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imageEither Tony Abbott's deep ideological and religious beliefs, or his fears of doing anything that weakens his support in the party's right wing, are strongly driving him on same-sex marriage.Dean Lewins/AAP

If Tony Abbott wants to defer indefinitely the issue of same-sex marriage, he really should come out and say so. As things stand, he seems just to be trifling with colleagues in the Liberal Party.

The vibes suggest he is seeking to thwart moves for both the substantive issue and the question of a free vote for Liberals to come up in the partyroom after parliament resumes next month.

Liberals who are pro-same-sex marriage were encouraged by Abbott, directly or indirectly, to bring forward a multi-party private member’s bill, although he personally remained against same-sex marriage. They have one ready to go. But he’s looking for a way out.

Abbott’s office says: “The partyroom has an established position [which is against same-sex marriage]. The party room hasn’t changed that position. The prime minister’s views haven’t changed.”

Either Abbott’s deep ideological and religious beliefs, or his fears of doing anything that weakens his support in the party’s right wing, are strongly driving him. Probably both.

Abbott might also be paying some attention to the comments of Scott Morrison, who is pushing his way forward among the leadership rivals.

Morrison, an opponent of same-sex marriage, told Sky in late June that the question of a Liberal Party conscience vote was “well down the track, because there are issues well before that about the party’s own policy position”. For there to be an “open vote” – a free vote – “the party’s policy position would have to be changed to one which didn’t have a position on this particular issue”.

Morrison this week seized on Labor’s national conference decision to continue a free vote for its MPs in this parliament and the next, going to a binding vote beyond that.

After Sydney radio presenter Ray Hadley had effectively signed off his Monday interview with Morrison, Morrison said he just wanted to raise the issue of the conscience vote. “Labor basically traded away a conscience vote… This is quite a bizarre idea that they put a time limit on a conscience vote,“ Morrison said.

“For them to now be lecturing others about conscience votes I think makes a complete mockery of the whole argument that Bill Shorten is trying to make.”

Morrison’s argument is flawed – the important thing is that Labor has endorsed a free vote for the foreseeable future – but that he is making it is significant.

Seven Network reported on Monday that Abbott had canvassed the possibility of a post-election plebiscite. One source described this as a thought bubble. Previously Abbott has made it clear same-sex marriage should be a matter for parliament.

If Abbott is determined to resist the push within his party, he can try to strong-arm Warren Entsch, who plans to move the private member’s bill, not to do so or he can refuse to advance it once it is introduced, although that could set off a revolt from some backbenchers.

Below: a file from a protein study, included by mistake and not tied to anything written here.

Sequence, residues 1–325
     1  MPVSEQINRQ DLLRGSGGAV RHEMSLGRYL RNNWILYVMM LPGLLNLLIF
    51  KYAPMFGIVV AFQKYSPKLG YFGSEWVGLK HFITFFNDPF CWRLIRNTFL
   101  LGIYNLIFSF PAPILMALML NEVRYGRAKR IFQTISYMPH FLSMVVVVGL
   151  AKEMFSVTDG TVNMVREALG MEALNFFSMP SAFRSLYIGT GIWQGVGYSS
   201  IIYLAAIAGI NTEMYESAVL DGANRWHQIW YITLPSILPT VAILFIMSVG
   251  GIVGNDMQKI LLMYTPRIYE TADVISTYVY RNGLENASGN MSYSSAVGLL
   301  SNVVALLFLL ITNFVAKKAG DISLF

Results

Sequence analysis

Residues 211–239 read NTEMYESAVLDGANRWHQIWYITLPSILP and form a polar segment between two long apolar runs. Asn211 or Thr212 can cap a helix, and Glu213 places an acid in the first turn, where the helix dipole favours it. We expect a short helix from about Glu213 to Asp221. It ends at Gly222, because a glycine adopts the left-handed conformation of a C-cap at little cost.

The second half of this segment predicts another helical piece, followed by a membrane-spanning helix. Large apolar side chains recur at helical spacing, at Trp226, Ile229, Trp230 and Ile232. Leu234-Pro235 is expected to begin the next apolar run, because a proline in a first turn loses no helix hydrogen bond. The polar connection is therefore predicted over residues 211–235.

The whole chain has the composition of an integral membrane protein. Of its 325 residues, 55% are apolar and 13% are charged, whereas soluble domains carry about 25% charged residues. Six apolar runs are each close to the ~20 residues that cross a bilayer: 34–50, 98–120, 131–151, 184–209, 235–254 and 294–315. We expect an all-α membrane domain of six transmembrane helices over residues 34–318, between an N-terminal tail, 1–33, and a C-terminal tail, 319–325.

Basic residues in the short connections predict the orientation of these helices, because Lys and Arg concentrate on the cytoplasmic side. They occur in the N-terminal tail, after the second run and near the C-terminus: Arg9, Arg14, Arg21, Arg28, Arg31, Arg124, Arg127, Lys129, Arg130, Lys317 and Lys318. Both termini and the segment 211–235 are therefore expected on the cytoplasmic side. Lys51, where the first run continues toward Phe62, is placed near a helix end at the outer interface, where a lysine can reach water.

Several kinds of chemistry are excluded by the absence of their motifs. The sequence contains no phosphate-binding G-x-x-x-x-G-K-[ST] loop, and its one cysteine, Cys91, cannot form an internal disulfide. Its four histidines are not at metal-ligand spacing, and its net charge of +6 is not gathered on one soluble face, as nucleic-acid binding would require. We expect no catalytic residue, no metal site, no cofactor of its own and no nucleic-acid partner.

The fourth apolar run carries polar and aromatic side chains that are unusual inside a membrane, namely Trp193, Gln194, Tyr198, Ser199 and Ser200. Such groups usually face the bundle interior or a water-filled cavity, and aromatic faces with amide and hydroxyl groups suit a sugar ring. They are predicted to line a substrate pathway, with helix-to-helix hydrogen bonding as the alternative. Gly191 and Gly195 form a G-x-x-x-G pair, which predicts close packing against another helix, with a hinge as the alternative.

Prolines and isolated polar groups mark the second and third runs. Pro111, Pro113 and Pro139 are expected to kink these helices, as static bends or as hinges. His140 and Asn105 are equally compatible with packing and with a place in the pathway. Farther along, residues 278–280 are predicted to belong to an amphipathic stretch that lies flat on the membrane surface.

Another course would be to have an MP propose the partyroom reaffirm the present policy on marriage. Given the party’s right-leaning composition and Abbott’s stand, this would probably be carried – especially if the Nationals were invited in – which would blow away the question of a free vote.

Bill Shorten would be sending flowers and chocolate. Abbott would be left with an election quandary.

Shorten pledged at the weekend that if he became prime minister, and same-sex marriage was still not legislated, a bill would be brought forward in his first 100 days.

What would be the Liberals' election policy?

Abbott could say it would be all up to the partyroom in the next term but that would be unconvincing given what had gone before. If he did promise a plebiscite, it would put same-sex marriage at the centre of the campaign, to Labor’s advantage.

The ALP could use it as an illustration of Abbott being out of touch with modern Australian thinking. And how would he justify running a plebiscite, with all its expense, on an issue he had prevented being considered in the parliament, despite saying that was the appropriate forum?

Abbott will soon have to break cover to indicate how he will deal with same-sex marriage in the short term. Whatever he does will upset one side or the other in the Liberal Party. If he follows his current instinct to keep the issue in hibernation, his problem will just grow come election time.

Postscript: In the Victorian marginal seat of La Trobe, Liberal MP Jason Wood has been running a survey of electors on same-sex marriage. Now after seven days of counting, 3,294 responses have been received. As of Tuesday, 57.1% supported changing the Marriage Act to allow same-sex marriage; 42.9% did not.

Listen to the latest Politics with Michelle Grattan, with Labor’s Anthony Albanese and Richard Marles, here or on iTunes.

Authors: The Conversation

Read more http://theconversation.com/abbott-should-say-what-he-intends-on-same-sex-marriage-45328

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